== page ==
The European Union is expected to approve a more than $230 million reconstruction aid package for Iraq before next week's donors conference in Spain. EU diplomats say Britain and Spain also are to propose an amended U.N. resolution on the future of Iraq in hopes of generating greater international support for peacekeeping and reconstruction efforts.
Diplomats say divisions remain within the European Union over how much to become involved in Iraq's reconstruction, given what many view as the unstable situation in the country.
Some EU countries that supported the U.S.-led war in Iraq are likely to make donations from national funds, in addition to the $230 million collective figure.
Britain fought along side U.S. forces in the war, and British foreign minister Jack Straw said his country will add more money.
"The United Kingdom will be giving a very substantial contribution," said Mr. Straw. "Of course the details will be made at the donors' conference, which takes place on October the 24. ... We are very committed, indeed, to the reconstruction, rehabilitation of Iraq. Just as we are so committed to the people of Iraq and that will be reflected in the contribution that we make."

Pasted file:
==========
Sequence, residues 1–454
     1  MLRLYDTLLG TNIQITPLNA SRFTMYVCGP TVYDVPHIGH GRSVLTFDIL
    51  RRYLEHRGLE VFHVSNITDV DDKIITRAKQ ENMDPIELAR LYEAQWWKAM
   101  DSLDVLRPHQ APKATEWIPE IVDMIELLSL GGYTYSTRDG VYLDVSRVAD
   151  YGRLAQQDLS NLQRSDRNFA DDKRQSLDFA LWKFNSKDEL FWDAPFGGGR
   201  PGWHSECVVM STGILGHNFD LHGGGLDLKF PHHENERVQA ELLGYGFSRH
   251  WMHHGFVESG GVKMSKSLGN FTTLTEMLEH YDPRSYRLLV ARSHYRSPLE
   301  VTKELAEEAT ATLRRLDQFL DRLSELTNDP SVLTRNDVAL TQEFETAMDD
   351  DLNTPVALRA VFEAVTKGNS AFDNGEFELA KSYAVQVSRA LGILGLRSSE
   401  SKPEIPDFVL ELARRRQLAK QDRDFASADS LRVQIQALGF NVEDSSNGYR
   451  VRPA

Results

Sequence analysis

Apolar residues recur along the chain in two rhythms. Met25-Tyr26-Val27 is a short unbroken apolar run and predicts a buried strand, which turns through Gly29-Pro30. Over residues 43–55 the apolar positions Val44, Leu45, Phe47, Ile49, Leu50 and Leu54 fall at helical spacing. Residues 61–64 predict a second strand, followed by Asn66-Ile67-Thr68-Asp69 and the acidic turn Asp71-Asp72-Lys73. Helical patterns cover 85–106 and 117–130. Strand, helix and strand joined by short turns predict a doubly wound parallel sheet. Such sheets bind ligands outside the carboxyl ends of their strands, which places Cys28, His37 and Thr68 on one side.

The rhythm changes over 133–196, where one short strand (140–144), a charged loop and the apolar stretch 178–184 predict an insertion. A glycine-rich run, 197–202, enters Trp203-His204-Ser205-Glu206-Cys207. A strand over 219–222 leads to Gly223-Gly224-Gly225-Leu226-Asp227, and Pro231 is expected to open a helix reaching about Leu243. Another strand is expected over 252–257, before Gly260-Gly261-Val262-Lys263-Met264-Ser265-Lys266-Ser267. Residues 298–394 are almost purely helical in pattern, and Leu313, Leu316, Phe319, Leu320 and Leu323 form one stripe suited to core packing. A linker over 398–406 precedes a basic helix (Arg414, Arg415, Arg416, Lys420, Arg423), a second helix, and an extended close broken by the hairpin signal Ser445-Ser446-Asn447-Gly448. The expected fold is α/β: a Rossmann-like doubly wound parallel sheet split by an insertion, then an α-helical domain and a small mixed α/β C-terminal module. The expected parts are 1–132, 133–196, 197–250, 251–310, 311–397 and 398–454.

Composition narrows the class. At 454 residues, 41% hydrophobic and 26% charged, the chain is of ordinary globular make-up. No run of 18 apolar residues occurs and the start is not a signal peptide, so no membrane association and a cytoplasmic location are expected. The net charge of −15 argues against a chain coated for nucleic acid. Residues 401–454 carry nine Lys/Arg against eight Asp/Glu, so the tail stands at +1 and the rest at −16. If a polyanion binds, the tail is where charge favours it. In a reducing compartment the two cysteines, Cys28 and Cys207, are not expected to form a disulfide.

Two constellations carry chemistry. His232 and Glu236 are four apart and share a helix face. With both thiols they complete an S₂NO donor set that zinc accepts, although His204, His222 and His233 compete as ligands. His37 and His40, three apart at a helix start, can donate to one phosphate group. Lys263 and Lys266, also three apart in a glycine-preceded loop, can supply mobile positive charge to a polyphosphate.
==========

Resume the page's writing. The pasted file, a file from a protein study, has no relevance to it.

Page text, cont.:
He refused to confirm a report in Saturday's Financial Times that London plans to offer more than $900 million during the next three years."
The United Nations, World Bank, and International Monetary Fund estimate that more than $35 billion will be needed over the next four years to get the Iraqi economy going again."
But diplomats say critics of the war, led by France and Germany, seem unlikely to add much more funding without a satisfactory U.N. resolution on the future of Iraq.
As one EU diplomat put it, it is no secret that some member states think those who broke Iraq should pay to fix it.